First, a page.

Azaz (Arabic: أعزاز A‘zāz, Hurrian: Azazuwa, Medieval Greek: Αζάζιον, romanized: Azázion, Neo-Assyrian: Ḫazazu, Old Aramaic: Ḥzz) is a city in northwest Syria, roughly 20 miles (32 kilometres) north-northwest of Aleppo. According to the Syria Central Bureau of Statistics (CBS), Azaz had a population of 31,623 in the 2004 census. As of 2015[update], its inhabitants were almost entirely Sunni Muslims, mostly Arabs but also some Kurds and Turkmen.
Syrian Interim Government
|Elevation||560 m (1,840 ft)|
|Time zone||UTC+2 (EET)|
|• Summer (DST)||+3|
It is historically significant as the site of the Battle of Azaz between the Crusader States and the Seljuk Turks on June 11, 1125. It is close to a Syria–Turkey border crossing, which enters Turkey at Öncüpınar, south of the city of Kilis. It is the capital of the Syrian Interim Government of Turkish-occupied northern Syria.
Early Islamic periodEdit
In excavations of the site of Tell Azaz, considerable quantities of ceramics from the early and middle Islamic periods were found. Despite the importance of Azaz as indicated by archaeological finds, the settlement was rarely mentioned in Islamic texts prior to the 12th century. However, a visit to the town by the Muslim musician Ishaq al-Mawsili (767–850) gives some indication of Azaz's importance during Abbasid rule. The Hamdanids (945–1002) built a brick citadel at Azaz. It was a square fortress with two enclosures, situated atop a tell.
On 10 August 1030, Tubbal near Azaz became the scene of a humiliating defeat of the Byzantine emperor Romanos III at the hands of the Mirdasids. In December of the same year, the Byzantine generals Niketas of Mistheia and Symeon besieged and captured Azaz, and burned Tubbal to the ground in retaliation.
During the Crusader era, Azaz, which was referred to in Crusader sources as "Hazart", became of particular strategic significance due to its topography and location, overlooking the surrounding region. In the hands of the Muslims, Azaz stymied communications between the Crusader states of Edessa and Antioch, while in Crusader hands it threatened the major Muslim city of Aleppo. Around December 1118, the Crusader prince Roger of Antioch and the Armenian prince Leo I besieged and captured Azaz from the Turcoman prince Ilghazi of Mardin.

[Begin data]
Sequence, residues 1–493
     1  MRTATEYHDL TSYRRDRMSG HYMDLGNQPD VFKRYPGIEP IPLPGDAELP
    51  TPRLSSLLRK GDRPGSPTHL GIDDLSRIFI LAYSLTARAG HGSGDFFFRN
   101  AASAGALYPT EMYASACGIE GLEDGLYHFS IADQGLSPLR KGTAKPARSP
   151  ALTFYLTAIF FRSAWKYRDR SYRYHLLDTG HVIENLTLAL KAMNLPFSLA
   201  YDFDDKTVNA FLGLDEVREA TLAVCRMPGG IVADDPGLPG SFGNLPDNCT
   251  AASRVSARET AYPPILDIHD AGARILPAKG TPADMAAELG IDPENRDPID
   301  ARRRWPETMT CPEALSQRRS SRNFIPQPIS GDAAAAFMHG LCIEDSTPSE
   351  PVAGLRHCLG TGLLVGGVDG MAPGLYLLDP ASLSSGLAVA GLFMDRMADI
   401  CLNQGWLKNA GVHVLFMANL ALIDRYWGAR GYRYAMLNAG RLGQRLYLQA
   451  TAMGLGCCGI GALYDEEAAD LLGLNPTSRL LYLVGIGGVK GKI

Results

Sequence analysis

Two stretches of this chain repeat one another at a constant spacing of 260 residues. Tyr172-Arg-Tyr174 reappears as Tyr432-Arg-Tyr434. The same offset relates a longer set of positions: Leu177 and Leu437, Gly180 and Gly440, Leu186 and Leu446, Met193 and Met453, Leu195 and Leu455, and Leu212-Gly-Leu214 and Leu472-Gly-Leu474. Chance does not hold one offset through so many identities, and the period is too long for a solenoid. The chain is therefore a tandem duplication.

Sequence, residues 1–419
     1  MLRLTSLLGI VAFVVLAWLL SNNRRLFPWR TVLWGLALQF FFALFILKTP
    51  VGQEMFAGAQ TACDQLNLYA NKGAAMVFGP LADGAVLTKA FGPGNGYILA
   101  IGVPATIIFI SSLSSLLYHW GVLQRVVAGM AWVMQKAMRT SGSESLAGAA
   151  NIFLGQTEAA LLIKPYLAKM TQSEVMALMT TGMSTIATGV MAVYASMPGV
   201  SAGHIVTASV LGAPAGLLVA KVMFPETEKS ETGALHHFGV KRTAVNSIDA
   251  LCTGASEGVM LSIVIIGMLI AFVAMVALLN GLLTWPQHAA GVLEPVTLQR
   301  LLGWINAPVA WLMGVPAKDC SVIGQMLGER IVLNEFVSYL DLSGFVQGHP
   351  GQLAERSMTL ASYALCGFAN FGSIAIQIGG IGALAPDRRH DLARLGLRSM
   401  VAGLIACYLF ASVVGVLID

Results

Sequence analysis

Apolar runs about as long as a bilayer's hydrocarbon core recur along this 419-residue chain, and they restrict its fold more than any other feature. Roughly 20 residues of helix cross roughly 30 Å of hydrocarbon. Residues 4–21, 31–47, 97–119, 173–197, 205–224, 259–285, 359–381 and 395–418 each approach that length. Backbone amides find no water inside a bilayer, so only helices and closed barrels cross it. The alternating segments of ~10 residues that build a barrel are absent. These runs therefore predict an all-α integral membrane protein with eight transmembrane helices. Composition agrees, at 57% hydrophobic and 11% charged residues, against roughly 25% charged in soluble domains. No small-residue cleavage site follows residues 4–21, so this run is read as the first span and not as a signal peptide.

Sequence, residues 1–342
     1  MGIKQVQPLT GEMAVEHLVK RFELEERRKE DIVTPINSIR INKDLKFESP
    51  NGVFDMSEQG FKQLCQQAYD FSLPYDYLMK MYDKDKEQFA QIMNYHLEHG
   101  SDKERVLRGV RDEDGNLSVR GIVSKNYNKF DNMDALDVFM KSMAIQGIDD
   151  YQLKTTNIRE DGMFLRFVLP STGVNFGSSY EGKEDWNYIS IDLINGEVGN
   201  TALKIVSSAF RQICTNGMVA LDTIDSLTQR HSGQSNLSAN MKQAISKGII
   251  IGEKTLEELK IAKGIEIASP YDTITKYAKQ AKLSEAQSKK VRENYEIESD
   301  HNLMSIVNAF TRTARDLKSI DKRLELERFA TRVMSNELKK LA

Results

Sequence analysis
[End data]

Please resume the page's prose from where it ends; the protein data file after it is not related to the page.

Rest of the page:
In January 1124, Balak and Toghtekin, the Burid atabeg of Damascus, breached Azaz's defenses, but were repulsed by Crusader reinforcements. In April 1125, the Seljuk atabeg Aq-Sunqur il-Bursuqi of Mosul and Toghtekin invaded the Principality of Antioch and surrounded Azaz. In response, in May or June 1125, a 3,000-strong Crusader coalition commanded by King Baldwin II of Jerusalem confronted and defeated the 15,000-strong Muslim coalition at the Battle of Azaz, raising the siege of the town.
However, the Crusaders' strength in the region was dealt a blow following the Zengid capture of Edessa in 1144. Afterward, the other fortresses in the County of Edessa, including Azaz, gradually became neglected. In 1146, Humphrey II of Toron sent sixty knights to reinforce the garrison at Azaz. Despite its strong fortifications, the fortress of Azaz finally fell to the Muslims under the Zengid emir of Aleppo, Nur ad-Din in June 1150.
The Ayyubid emir of Aleppo, al-Aziz Uthman, rebuilt the earlier Hamdanid structure at Azaz with stone. During Ayyubid rule, in 1226, the local historian Yaqut al-Hamawi, described Azaz as a "fine town", referring to the settlement as "Dayr Tell Azaz". It was the center of a district bearing its name that also included the market towns or forts of Kafr Latha, Mannagh, Yabrin, Arfad, Tubbal and Innib. The Mamluk Sultanate ruled over the area from the 13th century. The Ottomans entered the area in 1516 with a victory at the Battle of Marj Dabiq. Azaz continued to be inhabited by Turkmen in the Ottoman era. It was a sanjak administrative division along with that of Kilis. After the fall of the Ottoman Empire in the early 20th century, the new Syria-Turkey border ran just north of Azaz. The town was first part of the French colonial empire's Mandate for Syria and the Lebanon and, from 1946, the independent state of Syria.
Syrian civil warEdit
On 19 July 2012, during the Syrian civil war, rebels opposed to the Syrian government succeeded in capturing the town. The town is highly valued as a logistical supply route close to the Turkish–Syrian border.
Following the departure of ISIL, Azaz was left under the control of Northern Storm, a brigade under the authority of the Islamic Front, nominally a part of the Free Syrian Army (FSA) at that time. A Sharia Committee is responsible for the administration of sharia law, and is policed by the Northern Storm brigade. A Civil Council governs the field of public services. During its northern offensive in 2015, ISIL approached Azaz, but fell short of directly assaulting the city; taking Kafra and surrounding territory. While regular ISIL forces were finally expelled from the Aleppo Governorate in October 2016, the January 2017 Azaz bombing was attributed to ISIL.
Turkey began organising Turkmen militia bases in Azaz during the People's Protection Units (YPG) advance against ISIL in 2015, in order to prevent the YPG obtaining a land bridge between the Afrin and Kobanî Cantons. The Turkish government declared Azaz to be a "red line" which Kurdish forces must not cross. Azaz became one of the first towns to come under the Turkish occupation of northern Syria during the 2016 Operation Euphrates Shield. By late 2017, Azaz was the headquarters of the Syrian Interim Government.
|Climate data for Azaz|
|Average high °C (°F)||9.2
|Daily mean °C (°F)||5.3
|Average low °C (°F)||1.5
|Average precipitation mm (inches)||90
|Average snowy days||2||1||0||0||0||0||0||0||0||0||0||1||4|
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